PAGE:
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STEM ambassadors’ visit

On Friday 23 February, two STEM ambassadors visited UTC Reading to give lectures to students about their careers and current work.

Graham Simms delivered the first lecture, discussing aircraft inertial navigational systems. He explained the development and the use of lasers in modern day systems. Graham used to work for BAE in Bracknell and, during his time there, designed a laser guidance system for a missile. He brought along some examples of these for students to see.

Harvey, a student who attended the lecture said, “It was incredibly interesting to be able to meet and hear from a man who has invented systems that have modern day applications; from missile guidance to plane navigation - learning how certain physics areas can be combined into one project and how useful this is.”

Lewis Hutchinson, Teaching, Learning and STEM Coordinator at UTC Reading also commented, “This lecture gave our students a unique opportunity to hear from someone who played a role in developing an intrinsic part of all modern automated guidance systems.”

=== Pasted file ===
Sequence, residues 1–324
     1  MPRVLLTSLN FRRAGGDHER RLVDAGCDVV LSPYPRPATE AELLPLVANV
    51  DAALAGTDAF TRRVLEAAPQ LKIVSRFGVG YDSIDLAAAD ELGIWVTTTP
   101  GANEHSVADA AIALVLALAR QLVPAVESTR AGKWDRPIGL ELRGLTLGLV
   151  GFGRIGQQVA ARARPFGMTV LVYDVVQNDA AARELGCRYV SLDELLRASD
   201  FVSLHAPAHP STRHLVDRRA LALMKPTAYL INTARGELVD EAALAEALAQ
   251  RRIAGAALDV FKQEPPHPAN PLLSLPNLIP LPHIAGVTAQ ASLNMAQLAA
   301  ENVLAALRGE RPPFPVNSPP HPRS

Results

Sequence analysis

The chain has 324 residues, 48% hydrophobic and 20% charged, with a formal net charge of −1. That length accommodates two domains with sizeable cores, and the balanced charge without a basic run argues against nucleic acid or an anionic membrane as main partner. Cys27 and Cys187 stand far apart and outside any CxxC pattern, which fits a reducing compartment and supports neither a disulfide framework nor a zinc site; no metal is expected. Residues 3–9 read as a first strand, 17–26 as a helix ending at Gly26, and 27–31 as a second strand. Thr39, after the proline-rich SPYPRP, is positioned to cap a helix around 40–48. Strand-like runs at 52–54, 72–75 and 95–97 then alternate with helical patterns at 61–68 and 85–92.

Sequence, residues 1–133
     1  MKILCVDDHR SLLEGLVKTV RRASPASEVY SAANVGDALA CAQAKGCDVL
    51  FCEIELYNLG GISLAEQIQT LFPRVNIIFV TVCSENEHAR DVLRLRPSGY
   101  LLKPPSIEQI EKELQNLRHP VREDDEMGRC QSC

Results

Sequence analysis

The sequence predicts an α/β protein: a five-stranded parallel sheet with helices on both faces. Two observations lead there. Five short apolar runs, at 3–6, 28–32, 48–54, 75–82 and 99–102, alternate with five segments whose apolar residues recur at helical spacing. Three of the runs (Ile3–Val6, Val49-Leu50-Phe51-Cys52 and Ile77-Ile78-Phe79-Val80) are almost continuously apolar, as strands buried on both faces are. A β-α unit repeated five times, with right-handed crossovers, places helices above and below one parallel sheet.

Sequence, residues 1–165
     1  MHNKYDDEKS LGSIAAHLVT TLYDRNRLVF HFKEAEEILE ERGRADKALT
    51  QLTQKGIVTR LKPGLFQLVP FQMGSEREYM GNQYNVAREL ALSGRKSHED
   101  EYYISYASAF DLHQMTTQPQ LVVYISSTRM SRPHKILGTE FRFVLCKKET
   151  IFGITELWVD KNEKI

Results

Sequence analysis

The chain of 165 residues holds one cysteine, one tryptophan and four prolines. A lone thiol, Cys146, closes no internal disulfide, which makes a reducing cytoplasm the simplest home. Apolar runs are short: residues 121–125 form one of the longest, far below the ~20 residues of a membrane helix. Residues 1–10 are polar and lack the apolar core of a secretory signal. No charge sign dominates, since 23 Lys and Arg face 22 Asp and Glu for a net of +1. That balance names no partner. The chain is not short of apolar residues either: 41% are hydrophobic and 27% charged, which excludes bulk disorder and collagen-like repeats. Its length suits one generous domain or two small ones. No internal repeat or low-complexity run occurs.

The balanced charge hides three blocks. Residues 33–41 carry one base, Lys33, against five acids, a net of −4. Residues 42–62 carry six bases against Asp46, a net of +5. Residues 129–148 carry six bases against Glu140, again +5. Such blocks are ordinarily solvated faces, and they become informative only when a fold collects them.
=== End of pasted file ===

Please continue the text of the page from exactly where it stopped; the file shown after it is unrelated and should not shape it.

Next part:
The second lecturer was Dr Amanda Unsworth, Research Scientist at the University of Reading.

Amanda discussed her work, how she got into biology, her specific field and what it means to work as a Research Scientist. She has a Masters in Biochemistry and studied for her Ph.D at the University of Oxford where she worked in the area of cardiovascular biology, specifically the regulation of platelet function. Amanda now continues to research this area with a particular focus on understanding the ways in which platelets regulate themselves in healthy individuals and in disease and how this can be manipulated for the future development of anti-platelet therapies and anti-thrombotics.

The students were very interested, asked lots of questions and really enjoyed hearing about how advancements in medicine are made.

Thank you to both ambassadors for coming along, we hope to welcome them back again.

  • Active Learning
  • Microsoft
  • Cisco
  • University of Reading
  • Network Rail
  • Peter Brett